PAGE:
Sunday, August 2, 2015

"Big Brother"

Although Orwell's book 1984 was popular and influential years ago, I don't think younger generations are very familiar with it. I've mentioned how my students are unaware of it; they haven't studied it in high school, at least. They have heard the term "Big Brother" but they don't  associate it with a totalitarian government; now it's the popular TV show in its 17th season. A google search of "Big Brother" produces pages of hits based on the TV show with no mention of Orwell's character. While I find it fascinating to see Orwell's dystopian vision become reality, kids nowadays seem oblivious to what is happening to them.

Many people write about this, of course, but I came across a review of Mark Levin's book that seems to explain it pretty well, so I'll post that here:

Plunder and Deceit mainly concerns itself with the rising generation of young people. Although they are the victims being fleeced, they are, the author observes, a “generation . . . wedged in its own contradictions.” That is, they vigorously support the very policies that are bringing them to ruin, surrendering their fate to the increasingly autocratic government they claim to distrust. For this reason, Levin’s chapter on the education system’s role in destroying the rising generation’s prospects is worth the price of admission. Why do American schools produce such poorly educated adults while spending vastly more per student than virtually every modern industrialized nation? Because the money is not being spent per student. The universities now employ over 400 percent more people than the 850,000 who worked on campuses a half-century ago, but well over half of them (2.3 million) are administrators and support personnel, not teachers. Schools spend a king’s ransom on capital improvements that are unrelated to academic improvement. The government has essentially taken over the student-loan business, resulting not only in tuition and fee increases to soak up the available dollars but in a burgeoning crisis of debt and non-repayment — a crisis exacerbated by Obama’s policies. And dominated by instructors from a small circle of elite schools, the campus becomes a bastion of “progressive” groupthink, inexorably rendering the classroom a center of indoctrination.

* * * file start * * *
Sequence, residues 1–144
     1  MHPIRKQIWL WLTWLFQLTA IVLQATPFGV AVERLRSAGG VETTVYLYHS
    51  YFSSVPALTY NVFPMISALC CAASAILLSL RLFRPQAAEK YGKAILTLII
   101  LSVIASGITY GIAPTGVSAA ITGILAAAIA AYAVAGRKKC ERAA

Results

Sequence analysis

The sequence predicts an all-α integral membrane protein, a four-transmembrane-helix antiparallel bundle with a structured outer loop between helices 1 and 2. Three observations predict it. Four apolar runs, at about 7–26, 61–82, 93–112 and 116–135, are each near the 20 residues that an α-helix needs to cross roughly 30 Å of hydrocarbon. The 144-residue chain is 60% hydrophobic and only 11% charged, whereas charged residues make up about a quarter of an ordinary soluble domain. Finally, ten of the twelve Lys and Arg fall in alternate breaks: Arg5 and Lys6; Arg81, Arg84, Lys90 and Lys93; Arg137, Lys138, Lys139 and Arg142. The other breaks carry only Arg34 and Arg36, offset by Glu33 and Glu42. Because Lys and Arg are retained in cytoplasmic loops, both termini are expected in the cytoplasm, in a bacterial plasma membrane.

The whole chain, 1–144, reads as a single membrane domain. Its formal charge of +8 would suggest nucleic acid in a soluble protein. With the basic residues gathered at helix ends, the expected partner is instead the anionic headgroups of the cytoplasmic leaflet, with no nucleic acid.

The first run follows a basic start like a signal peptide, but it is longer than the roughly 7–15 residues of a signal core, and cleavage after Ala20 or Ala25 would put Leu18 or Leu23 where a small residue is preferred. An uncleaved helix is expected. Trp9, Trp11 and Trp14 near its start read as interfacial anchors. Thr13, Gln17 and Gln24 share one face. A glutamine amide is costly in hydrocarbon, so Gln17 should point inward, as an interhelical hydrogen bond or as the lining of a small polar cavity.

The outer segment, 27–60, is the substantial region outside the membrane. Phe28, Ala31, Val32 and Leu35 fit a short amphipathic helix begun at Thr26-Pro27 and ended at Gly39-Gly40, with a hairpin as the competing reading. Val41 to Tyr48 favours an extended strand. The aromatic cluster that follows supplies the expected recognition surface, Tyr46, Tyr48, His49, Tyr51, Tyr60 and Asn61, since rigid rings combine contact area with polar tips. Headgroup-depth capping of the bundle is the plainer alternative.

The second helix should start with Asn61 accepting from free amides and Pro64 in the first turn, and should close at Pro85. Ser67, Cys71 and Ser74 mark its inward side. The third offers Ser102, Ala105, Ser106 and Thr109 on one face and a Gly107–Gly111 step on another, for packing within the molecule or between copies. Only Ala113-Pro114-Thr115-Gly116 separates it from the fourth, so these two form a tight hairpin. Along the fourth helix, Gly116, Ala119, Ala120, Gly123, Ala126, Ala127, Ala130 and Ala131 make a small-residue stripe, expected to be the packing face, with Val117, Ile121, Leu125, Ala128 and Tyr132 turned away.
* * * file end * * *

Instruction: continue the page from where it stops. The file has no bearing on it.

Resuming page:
The system has thoroughly undermined the traditional education mission of cultivating critical thinking and the search for truth. It has substituted Marxist economic determinism and oppression narratives for the ideals of freedom, inalienable rights, individual dignity, courage, and the overcoming of hardships that formerly featured prominently in the teaching of American history — the themes that rightly fostered patriotism. This is a major problem, not just for the country but for a book that primarily appeals to the young on the basis of their self-interest. What if they don’t know what their self-interest is? The very concept of self-interest has been stigmatized, and the young have been conditioned — on campus, in the media, in the popular culture — to prioritize abstractions and purportedly good intentions of government officials over the real-world consequences of government action. For example, Levin points out that experience teaches that the best guarantor of peace is a strong defense, and that if we have war because our enemies are emboldened by our weakness, it will be the young who will be called on to fight and die. Yet the young have been inculcated to believe that military strength causes, rather than prevents, trouble. They support deep slashes in defense spending in order to prop up entitlement programs that are robbing them blind. They support sharp increases in the minimum wage notwithstanding that these unavoidably result in increased youth unemployment and a future dimmed by the failure to acquire basic job skills. They are sympathetic to arguments for open borders and amnesty for illegal immigrants who compete with them for jobs in a stagnant economy. And so on. This is why the task of appealing to the young is such an uphill battle. Levin nevertheless takes heart. The burden is not to persuade every young person that the path to saving the country lies in our civil-society tradition and the Constitution’s limits on government. It is to persuade a critical mass — not just to the point of conviction but to activism. That is how an effective movement starts. The author, in fact, demonstrates this point in a chapter on the machinations of the environmental movement and its “degrowther” shock troops who wage war against prosperity itself. A great deal can be accomplished, and a great many minds moved, by a small, determined minority. Mark Levin has hope because the liberty activists he seeks to inspire will be on the side of the angels. And he has made certain that they will be armed with the facts.

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